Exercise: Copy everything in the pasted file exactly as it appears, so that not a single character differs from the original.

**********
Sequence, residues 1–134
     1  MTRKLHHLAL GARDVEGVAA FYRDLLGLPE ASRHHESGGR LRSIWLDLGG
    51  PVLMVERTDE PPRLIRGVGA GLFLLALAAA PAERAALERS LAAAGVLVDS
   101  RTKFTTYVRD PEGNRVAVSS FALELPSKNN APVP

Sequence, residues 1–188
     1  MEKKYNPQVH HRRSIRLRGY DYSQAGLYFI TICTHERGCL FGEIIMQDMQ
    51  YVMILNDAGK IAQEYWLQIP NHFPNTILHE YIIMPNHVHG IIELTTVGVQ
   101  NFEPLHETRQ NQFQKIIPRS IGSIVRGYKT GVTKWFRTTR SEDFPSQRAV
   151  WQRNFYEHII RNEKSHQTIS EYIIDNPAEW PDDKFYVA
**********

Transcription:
Sequence, residues 1–134
     1  MTRKLHHLAL GARDVEGVAA FYRDLLGLPE ASRHHESGGR LRSIWLDLGG
    51  PVLMVERTDE PPRLIRGVGA GLFLLALAAA PAERAALERS LAAAGVLVDS
   101  RTKFTTYVRD PEGNRVAVSS FALELPSKNN APVP

Sequence, residues 1–188
     1  MEKKYNPQVH HRRSIRLRGY DYSQAGLYFI TICTHERGCL FGEIIMQDMQ
    51  YVMILNDAGK IAQEYWLQIP NHFPNTILHE YIIMPNHVHG IIELTTVGVQ
   101  NFEPLHETRQ NQFQKIIPRS IGSIVRGYKT GVTKWFRTTR SEDFPSQRAV
   151  WQRNFYEHII RNEKSHQTIS EYIIDNPAEW PDDKFYVA